I've recently had the pleasure of being included in a horror anthology of fabulous African authors, Lights Out: Resurrection that was edited by Wole Talabi, so I thought I'd take a little time to get to know my fellow authors. Today it's Raymond Elenwoke who's over for a little Q&A...
I realise we know very little about each other. Tell me more about you and what you love writing.
My name is Raymond Elenwoke, and I am a Nigerian writer. I am also an auditor and financial consultant, currently residing in Port Harcourt, Rivers State, Nigeria. I love writing stories that explore a variety of genres, mainly horror, thriller, speculative fiction and sci-fi.
How does living in Africa inform your writing? Tell me more about your environment, and a day in your life.
For me, the phrase “living in Africa” feels very vague, because Africa is too big and diverse to be classified as a single place. I live in Port Harcourt in Rivers State, Nigeria, and even then, living there is very different from living in, say, Elele, in the same Rivers State, because these towns/cities have very distinct personalities.
Having said that, living in Port Harcourt is an exercise in patience, both with yourself and your environment. This has affected my writing in more ways than one. In the sense that I am (still) learning to infuse the identity of the town I set my stories into the story, no matter the genre. My environment helps inform my thinking, both in terms of character development and in terms of setting. Being someone who learned his trade from consuming books and writing advice from foreign (Western) authors/movies, living in Port Harcourt helps me realise that the police procedures in Phoenix, Arizona or Luton, United Kingdom are very different from the police procedures in Port Harcourt, Nigeria. This helps me also realise that my characters will have certain challenges unique to not just the environment in which I set them, but also unique to the culture of the place AND time the story is set in.
My environment is quite dynamic. I may start the day at my desk and end it in a client’s office halfway across town, or in class, studying for my professional exams. My day usually starts at about 4.30 am, and after my morning devotion, I have to study for a bit before training/exercising for a few minutes, and then leaving the house for work. If I get to work early enough, I can write a bit, if not I have to wait until the close of work to be able to let my imagination run wild. In between this, when I am on break I could read a story or two, or watch a show to relax.
What are you reading at the moment?
At the moment, I am studying for the final round of my professional exams, so this has limited my literature reading time. However, one I am reading now is Breakers by Edward W Robertson, which is a surprisingly good book about the end of the world. Before this I read the amazing Doctor Sleep by the effervescent Stephen King, and I also reviewed the excellent Rosewater by Tade Thompson, published by Apex Publications, the smartest story about an alien invasion I have ever come across. Pre-order it as it comes out in November 15, 2016. You can read my review of it here.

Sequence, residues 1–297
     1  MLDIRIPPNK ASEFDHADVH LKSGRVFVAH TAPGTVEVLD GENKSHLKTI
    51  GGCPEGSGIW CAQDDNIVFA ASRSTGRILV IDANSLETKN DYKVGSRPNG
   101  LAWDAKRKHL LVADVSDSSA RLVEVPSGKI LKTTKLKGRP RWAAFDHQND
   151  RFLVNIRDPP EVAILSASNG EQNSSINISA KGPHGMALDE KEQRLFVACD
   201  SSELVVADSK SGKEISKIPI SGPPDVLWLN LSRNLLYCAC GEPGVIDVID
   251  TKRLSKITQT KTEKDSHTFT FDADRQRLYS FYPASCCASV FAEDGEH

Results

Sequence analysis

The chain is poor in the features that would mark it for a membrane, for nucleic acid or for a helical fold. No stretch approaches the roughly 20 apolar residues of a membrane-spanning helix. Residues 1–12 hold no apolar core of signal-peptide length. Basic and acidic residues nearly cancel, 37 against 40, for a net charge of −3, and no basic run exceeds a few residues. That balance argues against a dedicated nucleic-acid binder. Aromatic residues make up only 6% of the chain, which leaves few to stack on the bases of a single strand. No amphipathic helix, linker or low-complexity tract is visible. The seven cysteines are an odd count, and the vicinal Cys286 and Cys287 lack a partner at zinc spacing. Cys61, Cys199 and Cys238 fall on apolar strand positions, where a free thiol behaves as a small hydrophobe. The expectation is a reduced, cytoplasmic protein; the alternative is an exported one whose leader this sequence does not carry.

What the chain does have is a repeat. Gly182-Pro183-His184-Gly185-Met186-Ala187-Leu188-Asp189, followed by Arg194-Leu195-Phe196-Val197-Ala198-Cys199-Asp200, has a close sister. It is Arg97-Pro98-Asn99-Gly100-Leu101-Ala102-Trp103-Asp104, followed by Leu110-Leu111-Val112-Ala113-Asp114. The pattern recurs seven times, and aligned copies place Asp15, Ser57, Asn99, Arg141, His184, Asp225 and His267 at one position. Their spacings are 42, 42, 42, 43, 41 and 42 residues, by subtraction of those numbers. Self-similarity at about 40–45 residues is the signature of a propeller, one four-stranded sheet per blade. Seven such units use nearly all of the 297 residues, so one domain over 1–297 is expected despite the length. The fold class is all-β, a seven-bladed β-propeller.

So is it courage or strength, And is that what I’m waiting for… I once said Rosewater would make me wax lyrica...
In addition to my professional reading, I am reading, you guessed it, Lights Out: Resurrection. Amazing collection. Seriously.
Tell us more about your story as it appears in Lights Out: Resurrection.
When I was approached to write a story for the collection, I had no idea what I was going to write, to be honest. I saw the email on Monday morning at the office, and realised that I had until Friday to write and submit a story. Even though I had nothing, I joyfully accepted the story, because I had been waiting for the literary event. I had a story that had been swimming beneath the surface,so I started writing. 80% into the story and about two to the deadline, I realised this was not the story for the collection, so I left it unfinished, and spent most of the day letting the story tell itself to me. When it was ready, I set about discovering it.
Koi-Koi is an imagining of origin of the Lady Koi Koi mythos, because why not? When I first heard the tale, all I could picture were legs in a pair of black heels. No body. Just from the knees down. There were more ghostly/supernatural tales from my time to choose from, but this one…this one had a silent menace about it. You always seemed to hear it, only in the dark, only at night, but you never saw it. Those who did…well, I would imagine they were either dead or too far gone t really tell us about their experience….
What are you writing at the moment?
At the moment, I am working on a number of projects.
First off I am working on a serial story I started writing when I was studying in London a few years back. It is time for the story to come home.
I am also working jointly on a project with another amazing writer friend of mine, Seun Odukoya. The project involves Sango and Amadioha, the Yoruba and Igbo gods of thunder.
I am also finishing my novel, Rising Night, a story that has detectives, angels, demons and yes, ninjas.